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article imageVictim of Stalinist Church Persecutions Beatified

By Christopher Szabo     Nov 2, 2009 in World
A Hungarian Bishop, Zoltán Meszlényi, has been recognised as a martyr for his faith by the Catholic Church. Meszlényi is the first of the Hungarian victims of the Stalin-era anti-church persecution to be beatified.
The mass marking the Beatification of the one-time Bishop of Esztergom, Zoltan Meszlenyi, was celebrated by Hungary’s Cardinal Péter Erdő at the Esztergom Baszilica at the weekend, according to the Caboodle.hu website. Esztergom is Hungary’s historical religious capital, as Canterbury is in England. Cardinal Erdő, head of the country’s Catholic Church, said at the mass:
Meszlenyi is the first of the Hungarian victims of Stalinist anti-church persecution to be beatified.
Beatification is the first step in the Roman Catholic Church’s process of making someone a saint, after which the person is referred to as “Blessed.” If certain further steps take place, such as a miracle that the church recognises, he or she will be declared a saint of the church.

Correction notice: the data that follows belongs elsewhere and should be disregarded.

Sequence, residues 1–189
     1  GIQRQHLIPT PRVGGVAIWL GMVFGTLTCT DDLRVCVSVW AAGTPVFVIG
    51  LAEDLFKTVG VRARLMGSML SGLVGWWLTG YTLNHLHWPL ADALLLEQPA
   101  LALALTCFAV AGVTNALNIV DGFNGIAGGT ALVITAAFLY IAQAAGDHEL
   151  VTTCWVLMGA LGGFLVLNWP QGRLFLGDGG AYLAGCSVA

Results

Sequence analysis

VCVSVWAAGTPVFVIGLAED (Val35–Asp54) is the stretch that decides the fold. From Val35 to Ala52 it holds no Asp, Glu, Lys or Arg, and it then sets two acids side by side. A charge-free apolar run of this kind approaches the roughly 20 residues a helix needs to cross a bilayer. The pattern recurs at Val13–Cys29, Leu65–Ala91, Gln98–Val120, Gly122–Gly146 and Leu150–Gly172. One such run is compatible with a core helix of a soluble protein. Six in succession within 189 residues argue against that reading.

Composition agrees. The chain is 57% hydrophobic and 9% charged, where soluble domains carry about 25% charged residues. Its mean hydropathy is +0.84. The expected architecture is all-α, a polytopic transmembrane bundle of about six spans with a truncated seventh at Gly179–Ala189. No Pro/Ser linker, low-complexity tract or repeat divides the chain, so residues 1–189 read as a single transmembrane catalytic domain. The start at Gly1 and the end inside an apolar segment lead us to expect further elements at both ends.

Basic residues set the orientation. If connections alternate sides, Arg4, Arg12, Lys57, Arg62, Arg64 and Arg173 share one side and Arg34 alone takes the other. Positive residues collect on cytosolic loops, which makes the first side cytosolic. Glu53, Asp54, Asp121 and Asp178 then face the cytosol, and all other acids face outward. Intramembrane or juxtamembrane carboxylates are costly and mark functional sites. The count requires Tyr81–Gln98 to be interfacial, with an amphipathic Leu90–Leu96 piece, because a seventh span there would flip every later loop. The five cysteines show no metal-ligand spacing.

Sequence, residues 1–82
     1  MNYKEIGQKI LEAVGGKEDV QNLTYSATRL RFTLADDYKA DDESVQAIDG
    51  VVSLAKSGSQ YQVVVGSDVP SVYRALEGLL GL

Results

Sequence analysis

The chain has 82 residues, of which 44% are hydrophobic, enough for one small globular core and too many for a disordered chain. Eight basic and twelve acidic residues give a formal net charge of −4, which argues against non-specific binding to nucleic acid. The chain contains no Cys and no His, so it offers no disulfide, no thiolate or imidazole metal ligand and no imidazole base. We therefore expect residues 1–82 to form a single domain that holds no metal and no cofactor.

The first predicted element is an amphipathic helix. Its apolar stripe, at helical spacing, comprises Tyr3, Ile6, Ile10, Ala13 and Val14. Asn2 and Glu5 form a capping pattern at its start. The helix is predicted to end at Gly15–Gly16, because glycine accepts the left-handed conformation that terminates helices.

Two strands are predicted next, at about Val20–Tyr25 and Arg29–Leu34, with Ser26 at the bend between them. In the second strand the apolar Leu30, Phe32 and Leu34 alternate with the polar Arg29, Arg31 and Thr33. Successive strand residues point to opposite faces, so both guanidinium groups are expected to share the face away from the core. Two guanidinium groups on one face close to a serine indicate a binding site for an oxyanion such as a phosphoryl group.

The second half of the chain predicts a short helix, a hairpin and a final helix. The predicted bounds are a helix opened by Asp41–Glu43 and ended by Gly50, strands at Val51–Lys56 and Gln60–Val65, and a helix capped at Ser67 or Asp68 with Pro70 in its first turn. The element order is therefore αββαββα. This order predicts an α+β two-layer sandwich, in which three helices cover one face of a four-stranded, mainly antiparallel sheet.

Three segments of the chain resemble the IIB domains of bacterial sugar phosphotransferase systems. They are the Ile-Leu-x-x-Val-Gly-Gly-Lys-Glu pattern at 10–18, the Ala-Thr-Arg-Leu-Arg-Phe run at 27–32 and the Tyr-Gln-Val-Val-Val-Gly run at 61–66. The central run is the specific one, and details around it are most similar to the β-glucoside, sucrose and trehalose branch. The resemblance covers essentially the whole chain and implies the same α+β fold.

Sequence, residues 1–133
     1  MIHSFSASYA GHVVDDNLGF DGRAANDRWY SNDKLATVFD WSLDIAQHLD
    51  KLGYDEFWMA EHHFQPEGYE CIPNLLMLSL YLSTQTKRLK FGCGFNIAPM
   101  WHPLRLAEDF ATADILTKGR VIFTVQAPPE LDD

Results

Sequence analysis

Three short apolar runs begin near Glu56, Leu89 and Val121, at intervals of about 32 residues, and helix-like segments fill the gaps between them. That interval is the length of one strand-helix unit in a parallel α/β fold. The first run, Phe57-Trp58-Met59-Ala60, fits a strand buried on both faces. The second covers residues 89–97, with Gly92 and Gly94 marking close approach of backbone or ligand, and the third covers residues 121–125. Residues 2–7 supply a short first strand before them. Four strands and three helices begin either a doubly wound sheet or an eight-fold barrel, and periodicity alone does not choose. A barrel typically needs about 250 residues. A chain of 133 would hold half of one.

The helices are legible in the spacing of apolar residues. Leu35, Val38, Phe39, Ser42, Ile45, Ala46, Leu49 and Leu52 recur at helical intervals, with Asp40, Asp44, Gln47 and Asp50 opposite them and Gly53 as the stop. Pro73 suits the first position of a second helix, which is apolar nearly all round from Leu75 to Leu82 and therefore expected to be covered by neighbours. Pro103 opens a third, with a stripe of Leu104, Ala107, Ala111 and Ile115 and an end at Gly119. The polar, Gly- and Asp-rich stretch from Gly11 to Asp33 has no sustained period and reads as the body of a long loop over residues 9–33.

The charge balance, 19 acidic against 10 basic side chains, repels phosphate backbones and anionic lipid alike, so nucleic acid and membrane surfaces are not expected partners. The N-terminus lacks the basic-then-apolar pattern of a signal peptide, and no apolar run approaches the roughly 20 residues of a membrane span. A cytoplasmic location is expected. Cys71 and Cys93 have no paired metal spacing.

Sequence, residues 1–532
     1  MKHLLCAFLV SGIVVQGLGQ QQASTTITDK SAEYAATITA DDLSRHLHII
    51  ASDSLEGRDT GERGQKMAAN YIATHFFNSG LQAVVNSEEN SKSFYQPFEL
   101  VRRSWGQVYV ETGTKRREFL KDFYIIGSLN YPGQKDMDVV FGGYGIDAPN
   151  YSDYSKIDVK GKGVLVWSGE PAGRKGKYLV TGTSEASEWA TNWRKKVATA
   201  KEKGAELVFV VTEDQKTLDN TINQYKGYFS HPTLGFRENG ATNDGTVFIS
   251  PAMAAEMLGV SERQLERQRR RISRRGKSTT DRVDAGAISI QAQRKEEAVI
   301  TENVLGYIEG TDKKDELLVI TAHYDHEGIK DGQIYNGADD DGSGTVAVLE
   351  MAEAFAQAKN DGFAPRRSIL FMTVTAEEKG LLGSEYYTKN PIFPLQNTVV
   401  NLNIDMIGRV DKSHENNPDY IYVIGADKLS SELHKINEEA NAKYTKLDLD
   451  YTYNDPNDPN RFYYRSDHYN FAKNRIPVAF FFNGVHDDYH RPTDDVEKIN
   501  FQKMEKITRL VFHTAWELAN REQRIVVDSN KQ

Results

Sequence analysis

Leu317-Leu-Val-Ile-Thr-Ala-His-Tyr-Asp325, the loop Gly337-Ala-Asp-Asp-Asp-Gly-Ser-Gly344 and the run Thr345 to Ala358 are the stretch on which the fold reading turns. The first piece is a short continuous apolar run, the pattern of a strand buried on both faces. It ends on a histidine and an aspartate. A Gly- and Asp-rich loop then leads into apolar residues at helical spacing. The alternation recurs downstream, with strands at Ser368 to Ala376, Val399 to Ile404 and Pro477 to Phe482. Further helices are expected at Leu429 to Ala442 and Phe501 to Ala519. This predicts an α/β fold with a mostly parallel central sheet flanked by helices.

Bishop Meszlényi took over the reigns of the persecuted church from Cardinal József Mindszenty in 1950 when Mindszenty was jailed on trumped-up charges. His show trial was widely followed in the international media in the 50s.
In a move typical of the times, the Stalinist regime of Mátyás Rákosi took Meszlényi from his home at night. He was taken to the infamous forced-labour camp at Kistarcsa, where he was tortured to death. Typically, his death was kept a secret for three years, after which he was buried in a closed ceremony 12 years later.
The martyred bishop is the 28th Hungarian to be called ”Blessed” by the Catholic Church.
The period is a fertile one for martyrs as the region was occupied both by the German Nazis and the Soviet Communists. Meszlényi’s beatification was preceded by that of Sister Sára Salkaházi in 2006, who was murdered in 1944 by Hungarian Nazis for trying to protect Jews. Bishop Vilmos Apor was beatified in 1997 for giving his life while protecting young girls from rape by the Soviet Red Army in 1945
Salkaházi is also recognised by Israel as a Righteous Among the Nations.
More about Persecution, Victim, Stalinist, Communist, Hungary
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